This “Delphic” guidance can come in various forms. Regular forecasts are part of it. You can speak directly about the changing environment and the implications for the reaction function, perhaps with the aid of particular simulations (I gave a talk in 2013 arguing that, when productivity growth is less predictable, the monetary authority will want to put less weight on output and more on the domestic labour marketfootnote [3]). Monetary authorities have often made more specific remarks about the near-term path of interest rates, depending on how things turn out (“if the economy develops in line with our forecast then policy might be expected to do such-and-such” is a typical example). A handful of central banks publish forecasts of the policy rate, alongside those for GDP and inflation. Their joint behaviour can help people understand how these things interact.

It’s worth noting up front that not all forms of “Delphic” guidance have to involve direct communication about the future path of interest rates. And, whatever its precise form, the important point about this sort of guidance is that it’s always conditional. These are – and should always be seen as – “if….then” statements. Their purpose is not to pledge some particular path of policy, independently of what happens to the economy. It’s to help people understand the dependence of policy on the economic outlook.

The other form of guidance – sometimes called “Odyssean” – is quite different in this respect. It actively promises a certain path – in particular to keep interest rates very low – almost regardless of how things turn out. It’s a means of easing monetary conditions, and specifically of lowering longer-term real interest rates, when the outlook for inflation is weak but the immediate policy rate is constrained by the lower bound (and if other alternatives like QE are for some reason unavailable or ineffective). If you’re able to convince people that, even in the event of a positive shock to inflation in the future, you won’t raise interest rates, this can push up expected inflation, thereby reducing the real forward rate of interest and encouraging more demand today.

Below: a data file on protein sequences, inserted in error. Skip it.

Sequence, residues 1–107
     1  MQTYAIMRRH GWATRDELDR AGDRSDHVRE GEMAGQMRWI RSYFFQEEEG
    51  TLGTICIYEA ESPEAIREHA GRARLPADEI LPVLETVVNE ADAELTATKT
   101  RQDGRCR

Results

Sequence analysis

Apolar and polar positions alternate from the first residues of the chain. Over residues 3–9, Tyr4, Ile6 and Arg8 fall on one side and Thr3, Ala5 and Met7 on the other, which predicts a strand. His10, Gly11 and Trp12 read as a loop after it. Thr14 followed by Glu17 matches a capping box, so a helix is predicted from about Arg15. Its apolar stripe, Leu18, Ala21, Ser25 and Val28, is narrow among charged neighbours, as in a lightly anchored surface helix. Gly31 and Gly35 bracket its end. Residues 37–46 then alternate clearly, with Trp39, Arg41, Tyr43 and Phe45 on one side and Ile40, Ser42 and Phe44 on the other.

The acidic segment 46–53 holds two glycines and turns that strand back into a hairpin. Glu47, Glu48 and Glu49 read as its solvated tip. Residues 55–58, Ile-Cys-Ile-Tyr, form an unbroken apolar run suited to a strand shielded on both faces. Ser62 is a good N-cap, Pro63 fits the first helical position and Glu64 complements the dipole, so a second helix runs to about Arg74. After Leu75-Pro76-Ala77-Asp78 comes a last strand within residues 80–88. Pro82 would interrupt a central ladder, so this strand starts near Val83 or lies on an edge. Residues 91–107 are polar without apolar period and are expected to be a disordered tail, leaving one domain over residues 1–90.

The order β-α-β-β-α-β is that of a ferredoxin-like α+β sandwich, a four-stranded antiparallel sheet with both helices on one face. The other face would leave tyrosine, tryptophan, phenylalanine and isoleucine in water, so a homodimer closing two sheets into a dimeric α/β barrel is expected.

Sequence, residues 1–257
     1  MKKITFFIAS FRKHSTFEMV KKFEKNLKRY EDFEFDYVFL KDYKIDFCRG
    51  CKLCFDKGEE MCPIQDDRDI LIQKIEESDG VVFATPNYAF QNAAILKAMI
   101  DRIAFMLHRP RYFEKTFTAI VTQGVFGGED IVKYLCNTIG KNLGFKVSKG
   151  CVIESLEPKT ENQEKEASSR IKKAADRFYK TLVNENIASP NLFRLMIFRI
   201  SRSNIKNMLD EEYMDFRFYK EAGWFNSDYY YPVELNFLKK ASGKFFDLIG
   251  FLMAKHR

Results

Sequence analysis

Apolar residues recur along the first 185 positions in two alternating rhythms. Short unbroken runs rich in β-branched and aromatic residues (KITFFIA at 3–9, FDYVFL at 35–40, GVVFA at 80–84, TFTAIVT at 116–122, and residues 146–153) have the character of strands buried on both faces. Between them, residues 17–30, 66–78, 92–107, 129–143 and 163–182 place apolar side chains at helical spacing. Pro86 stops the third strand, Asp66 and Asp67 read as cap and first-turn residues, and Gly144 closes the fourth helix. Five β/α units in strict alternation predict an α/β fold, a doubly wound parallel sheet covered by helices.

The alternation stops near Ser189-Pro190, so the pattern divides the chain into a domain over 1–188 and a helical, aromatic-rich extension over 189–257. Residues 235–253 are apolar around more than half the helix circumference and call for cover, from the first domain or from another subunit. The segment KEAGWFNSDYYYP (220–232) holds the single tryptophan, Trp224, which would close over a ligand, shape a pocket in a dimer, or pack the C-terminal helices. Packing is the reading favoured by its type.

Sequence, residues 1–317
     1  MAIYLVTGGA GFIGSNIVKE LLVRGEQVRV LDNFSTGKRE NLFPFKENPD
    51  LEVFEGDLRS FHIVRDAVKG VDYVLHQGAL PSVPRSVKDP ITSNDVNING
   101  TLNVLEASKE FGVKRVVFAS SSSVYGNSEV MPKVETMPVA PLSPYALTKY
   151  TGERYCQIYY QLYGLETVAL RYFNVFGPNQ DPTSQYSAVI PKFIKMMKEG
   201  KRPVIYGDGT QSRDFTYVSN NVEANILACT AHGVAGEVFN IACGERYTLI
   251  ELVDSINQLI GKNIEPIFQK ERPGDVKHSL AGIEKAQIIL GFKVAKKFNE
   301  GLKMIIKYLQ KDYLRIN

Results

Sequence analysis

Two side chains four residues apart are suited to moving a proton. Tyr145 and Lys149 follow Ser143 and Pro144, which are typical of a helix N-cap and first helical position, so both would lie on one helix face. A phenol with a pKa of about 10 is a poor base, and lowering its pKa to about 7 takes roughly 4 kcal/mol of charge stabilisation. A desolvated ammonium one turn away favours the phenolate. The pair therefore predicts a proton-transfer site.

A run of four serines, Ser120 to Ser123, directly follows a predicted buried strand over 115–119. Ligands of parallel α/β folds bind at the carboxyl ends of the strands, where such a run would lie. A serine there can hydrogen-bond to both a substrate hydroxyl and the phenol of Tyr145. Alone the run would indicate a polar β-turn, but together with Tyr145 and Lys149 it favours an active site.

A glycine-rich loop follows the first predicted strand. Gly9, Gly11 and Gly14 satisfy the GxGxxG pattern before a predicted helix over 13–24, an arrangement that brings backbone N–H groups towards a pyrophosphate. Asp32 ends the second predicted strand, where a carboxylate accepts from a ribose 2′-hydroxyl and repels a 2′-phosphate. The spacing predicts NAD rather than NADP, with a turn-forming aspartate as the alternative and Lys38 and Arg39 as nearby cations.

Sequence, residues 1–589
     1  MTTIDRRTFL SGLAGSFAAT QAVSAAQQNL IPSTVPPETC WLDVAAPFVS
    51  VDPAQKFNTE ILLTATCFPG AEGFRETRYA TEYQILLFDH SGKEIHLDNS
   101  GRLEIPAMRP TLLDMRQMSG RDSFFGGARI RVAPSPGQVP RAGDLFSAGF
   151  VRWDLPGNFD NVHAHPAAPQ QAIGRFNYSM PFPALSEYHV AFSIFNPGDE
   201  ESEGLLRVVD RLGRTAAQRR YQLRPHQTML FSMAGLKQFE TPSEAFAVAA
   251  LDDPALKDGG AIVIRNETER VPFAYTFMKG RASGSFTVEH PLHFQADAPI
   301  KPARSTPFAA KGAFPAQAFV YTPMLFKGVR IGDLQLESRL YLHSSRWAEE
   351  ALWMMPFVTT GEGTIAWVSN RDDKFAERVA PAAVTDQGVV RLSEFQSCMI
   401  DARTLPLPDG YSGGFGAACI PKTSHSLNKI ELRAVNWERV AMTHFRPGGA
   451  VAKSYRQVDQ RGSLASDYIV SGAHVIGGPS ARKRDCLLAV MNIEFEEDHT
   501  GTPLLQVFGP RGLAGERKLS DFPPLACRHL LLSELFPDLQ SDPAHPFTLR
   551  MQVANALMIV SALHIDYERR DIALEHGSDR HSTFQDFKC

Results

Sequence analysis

This “promise to be irresponsible”footnote [4] won’t necessarily be believed because, when the time comes, and if there were subsequently some significant rise in inflationary pressure, the policymaker will be tempted to go back on the earlier promise and respond by raising interest rates. The optimal policy is intrinsically “time inconsistent”. But if you can find a way of tying yourself to the policy in advance – like Odysseus lashing himself to the mast of his ship – then this is in principle an effective way of easing monetary conditions, even when the policy rate itself can’t be lowered any further.

It’s striking that this “Odyssean” guidance has received much more attention in the economics literature – but, in the real world, and despite often being right up against the lower bound, central banks have used it only rarely. This may be because, in practice, it’s quite difficult to make credible commitments of this sort (and because central banks have also been able to use QE). Whatever the reason, most “forward guidance” has been of the “Delphic”, more conditional form.

Yet my impression is that outside observers can sometimes mistake one for the other: the “if” clause is forgotten, or downplayed, and purely conditional statements somehow get interpreted (or rather misinterpreted) as hard commitments.